Police Abuse

Phoenix Will Pay $3 Million Settlement After Police Shot a Man During a Noise Complaint. The Officers Are Still Employed.

And taxpayers will foot the bill.


The Phoenix City Council on Wednesday unanimously agreed to pay $3 million to the family of Ryan Whitaker, who was shot and killed several months ago by police investigating a noise complaint and who did not receive immediate medical assistance after the incident.

Taxpayers will be footing the bill. Taxpayers are also footing the bill for the salaries of the cops—Officer Jeff Cooke, who pulled the trigger, and Officer John Ferragamo, who too was on the call—as they are both still employed by the Phoenix Police Department (PPD).

On May 21 of this year, Whitaker's upstairs neighbor called in a noise complaint: "I have a domestic dispute going on…and I can tell they're just at each other's throats down there," a man is heard saying on a 911 call. "I gotta get to work tomorrow and I can't get no sleep." Asked by the dispatcher if it sounded like a physical or verbal altercation, the neighbor responded that "it could be physical, I could say yeah, if that makes [the police] hurry up on."

They were playing Crash Bandicoot, a video game, according to Whitaker's girlfriend.

When the officers arrived at Whitaker's apartment, no noise can be heard coming from the unit—potentially an indication that the complainant exaggerated the perceived danger.

Whitaker answered the door with a firearm at his waist, which he legally owned, and can be seen in the body cam footage immediately getting on his knees in surrender. Cooke then shot him twice in the back.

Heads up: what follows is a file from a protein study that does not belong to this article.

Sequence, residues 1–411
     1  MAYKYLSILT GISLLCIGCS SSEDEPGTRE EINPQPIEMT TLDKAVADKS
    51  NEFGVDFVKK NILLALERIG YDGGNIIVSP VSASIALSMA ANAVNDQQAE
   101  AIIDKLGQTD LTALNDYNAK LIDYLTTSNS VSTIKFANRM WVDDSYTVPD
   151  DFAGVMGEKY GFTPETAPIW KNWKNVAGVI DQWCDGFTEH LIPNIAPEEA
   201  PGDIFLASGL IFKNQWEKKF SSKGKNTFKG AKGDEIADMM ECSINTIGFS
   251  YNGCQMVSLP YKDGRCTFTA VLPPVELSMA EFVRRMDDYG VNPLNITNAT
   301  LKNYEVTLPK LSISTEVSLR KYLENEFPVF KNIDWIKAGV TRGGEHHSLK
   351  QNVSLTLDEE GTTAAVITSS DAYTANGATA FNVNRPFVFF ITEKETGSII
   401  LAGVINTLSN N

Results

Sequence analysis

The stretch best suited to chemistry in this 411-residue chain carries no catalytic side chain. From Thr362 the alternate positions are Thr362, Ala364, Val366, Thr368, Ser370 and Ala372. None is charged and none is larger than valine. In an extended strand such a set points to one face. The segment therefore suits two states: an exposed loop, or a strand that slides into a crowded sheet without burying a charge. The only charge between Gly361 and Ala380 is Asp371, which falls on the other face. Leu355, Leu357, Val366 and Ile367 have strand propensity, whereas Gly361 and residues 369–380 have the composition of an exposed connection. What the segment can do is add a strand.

In voting to approve the $3 million settlement, Phoenix City Councilman Sal DiCiccio zeroed in on what came next: "We don't know if he would have lived or not," he said, according to the local Fox affiliate, "but the fact of the matter is it showed a strong callousness from those individuals that were there to not immediately call for [medical] help." The outfit describes DiCiccio as "usually vocal on his support of law enforcement."

Ferragamo is back on patrol, while Cooke is reportedly in a non-enforcement position. No criminal charges have been filed against them.

The PPD has developed somewhat of a sordid track record of late. The city shelled out $475,000 to Dravon Ames and his family after police brandished their weapons and threatened to shoot him and his pregnant fiancée when their 4-year-old daughter shoplifted a Barbie from a Family Dollar store in May 2019. "I'm gonna put a fucking cap right in your fucking head!" a cop can be heard saying in video footage captured via a bystander. That same officer, Chris Meyer, is seen kicking Ames after he had been handcuffed, and the family's suit alleges the officer punched Ames "very hard in the back for no reason." Meyer has since been terminated.

And in August of this year, Ramon Lopez died after a group of cops pinned him down on hot asphalt for several minutes, streaking his back with what appear to be burns. He was reported for loitering in a parking lot, "sticking his tongue out," and "looking at people's cars."

All three instances provide a gruesome window into excessive force. But they also put forward an important lesson on the potential effects of overcriminalization—particularly in Whitaker's and Lopez's cases—where armed agents of the state are routinely relied upon not only to address violent crimes, but to investigate minor inconveniences.